Cops have First Amendment rights. So do football players, among the rest of us, but cops in St. Louis don’t like it when football players, and the rest of us, engage our First Amendment rights, and otherwise our more basic instincts to free expression.
“The SLPOA is calling for the players involved to be disciplined and for the Rams and the NFL to deliver a very public apology,” reads a statement from the St. Louis Police Officers Association business manager Jeff Roorda, helping bring attention to a gesture of solidarity with police shooting victim Michael Brown from a group of St. Louis Rams players in the pregame introductions before their game on Sunday.
Roorda, a former cop who reprimanded in a 1997 case in which he had been accused of filing a false report to cover for another officer in a case involving a suspect’s apprehension and arrest and then terminated after another incident in 2001 in which he was alleged to have falsified an account of an argument with a superior officer, had the cojones in the statement to cite the reams of evidence presented to the grand jury in the Michael Brown case that critics have said were thrown out to jury members to intentionally obfuscate the case against Ferguson police officer Darren Wilson, who was ultimately not indicted for pulling the trigger.
Put more succinctly: a former cop who is no longer a cop because he made stuff up wants football players who don’t buy that another cop shouldn’t be held responsible for shooting an unarmed teen because of a prosecution that feels like a cover-up to be disciplined for saying so with their outraised arms.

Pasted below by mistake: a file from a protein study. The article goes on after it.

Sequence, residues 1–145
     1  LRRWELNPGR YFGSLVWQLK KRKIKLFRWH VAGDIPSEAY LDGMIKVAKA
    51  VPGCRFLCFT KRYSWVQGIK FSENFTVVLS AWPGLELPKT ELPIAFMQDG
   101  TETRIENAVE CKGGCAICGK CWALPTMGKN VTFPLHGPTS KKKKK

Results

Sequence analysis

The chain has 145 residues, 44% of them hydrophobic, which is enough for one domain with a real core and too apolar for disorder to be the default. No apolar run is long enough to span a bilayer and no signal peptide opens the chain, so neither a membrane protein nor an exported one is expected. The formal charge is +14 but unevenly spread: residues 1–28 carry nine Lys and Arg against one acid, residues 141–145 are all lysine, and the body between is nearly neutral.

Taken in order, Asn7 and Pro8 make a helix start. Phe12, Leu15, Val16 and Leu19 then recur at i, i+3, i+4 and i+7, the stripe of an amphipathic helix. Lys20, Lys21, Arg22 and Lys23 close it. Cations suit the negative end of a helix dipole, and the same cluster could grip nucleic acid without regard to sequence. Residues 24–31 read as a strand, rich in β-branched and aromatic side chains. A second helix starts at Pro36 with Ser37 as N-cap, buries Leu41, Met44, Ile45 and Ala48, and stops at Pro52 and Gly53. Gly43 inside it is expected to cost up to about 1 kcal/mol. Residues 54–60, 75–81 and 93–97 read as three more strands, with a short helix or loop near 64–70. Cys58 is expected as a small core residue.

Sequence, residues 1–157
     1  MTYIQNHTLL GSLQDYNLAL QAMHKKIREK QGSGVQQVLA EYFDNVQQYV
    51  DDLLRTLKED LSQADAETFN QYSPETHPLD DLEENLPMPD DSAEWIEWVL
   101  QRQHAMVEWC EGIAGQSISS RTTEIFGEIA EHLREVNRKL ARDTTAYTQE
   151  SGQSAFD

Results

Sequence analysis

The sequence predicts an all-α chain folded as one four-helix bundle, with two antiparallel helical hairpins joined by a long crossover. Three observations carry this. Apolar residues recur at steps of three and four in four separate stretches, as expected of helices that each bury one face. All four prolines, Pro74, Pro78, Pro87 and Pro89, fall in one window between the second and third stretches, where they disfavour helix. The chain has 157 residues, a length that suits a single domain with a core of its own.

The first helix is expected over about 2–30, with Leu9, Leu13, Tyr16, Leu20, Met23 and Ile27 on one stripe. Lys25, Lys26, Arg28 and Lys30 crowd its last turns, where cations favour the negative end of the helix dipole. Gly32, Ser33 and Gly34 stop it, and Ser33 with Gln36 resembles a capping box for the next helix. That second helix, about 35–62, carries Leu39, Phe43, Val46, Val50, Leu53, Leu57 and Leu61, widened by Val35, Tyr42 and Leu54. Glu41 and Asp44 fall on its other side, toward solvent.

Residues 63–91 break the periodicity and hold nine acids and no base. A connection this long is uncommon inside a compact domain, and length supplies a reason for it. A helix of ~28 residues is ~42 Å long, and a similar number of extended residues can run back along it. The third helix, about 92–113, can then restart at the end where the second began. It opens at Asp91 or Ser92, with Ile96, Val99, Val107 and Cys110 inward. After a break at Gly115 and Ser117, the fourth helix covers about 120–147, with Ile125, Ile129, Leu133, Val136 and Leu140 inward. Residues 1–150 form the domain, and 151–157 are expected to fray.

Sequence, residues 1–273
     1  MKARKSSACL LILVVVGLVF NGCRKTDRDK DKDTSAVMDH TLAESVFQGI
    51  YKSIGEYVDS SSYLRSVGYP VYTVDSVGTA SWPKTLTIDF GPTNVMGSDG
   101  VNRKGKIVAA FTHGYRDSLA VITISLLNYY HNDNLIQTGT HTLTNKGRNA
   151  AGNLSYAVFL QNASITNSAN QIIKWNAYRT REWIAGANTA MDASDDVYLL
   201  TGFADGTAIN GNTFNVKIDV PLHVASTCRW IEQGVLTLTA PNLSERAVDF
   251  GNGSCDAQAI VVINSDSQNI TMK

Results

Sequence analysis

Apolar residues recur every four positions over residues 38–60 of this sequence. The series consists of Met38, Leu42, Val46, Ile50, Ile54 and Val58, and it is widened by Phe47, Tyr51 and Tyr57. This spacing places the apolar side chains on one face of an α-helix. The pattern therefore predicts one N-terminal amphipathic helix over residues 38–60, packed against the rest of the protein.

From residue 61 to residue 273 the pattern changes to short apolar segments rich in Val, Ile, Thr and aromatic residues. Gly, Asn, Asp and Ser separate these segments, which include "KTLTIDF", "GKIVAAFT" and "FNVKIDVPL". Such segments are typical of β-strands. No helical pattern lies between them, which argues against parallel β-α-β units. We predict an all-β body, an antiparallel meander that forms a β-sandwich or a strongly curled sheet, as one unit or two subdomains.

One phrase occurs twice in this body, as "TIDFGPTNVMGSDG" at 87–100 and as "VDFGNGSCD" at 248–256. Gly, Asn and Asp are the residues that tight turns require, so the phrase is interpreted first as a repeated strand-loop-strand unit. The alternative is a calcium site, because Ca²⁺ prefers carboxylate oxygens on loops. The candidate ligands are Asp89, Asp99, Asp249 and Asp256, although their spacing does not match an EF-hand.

It escapes Roorda’s ability to process irony that were the NFL to discipline the players, which won’t happen, according to a league spokesman, whatever discipline the league would have meted out for the gesture would outpace the absence of discipline that Wilson will get for shooting the unarmed black teenager.
More from Roorda, who has been given scads of live mic time by cnn in the past two weeks:
“I’d remind the NFL and their players that it is not the violent thugs burning down buildings that buy their advertiser’s products. It’s cops and the good people of St. Louis and other NFL towns that do. Somebody needs to throw a flag on this play. If it’s not the NFL and the Rams, then it’ll be cops and their supporters.”
Good for Roorda using his human right to self-expression to turn a gesture of solidarity by football players supporting the protection of basic civil rights from government intrusion into a minstrel show that cops acting as agents of the government will make every effort using the powers afforded them by their official government badges to shut down.
Can’t make this stuff up, folks.
– Column by Chris Graham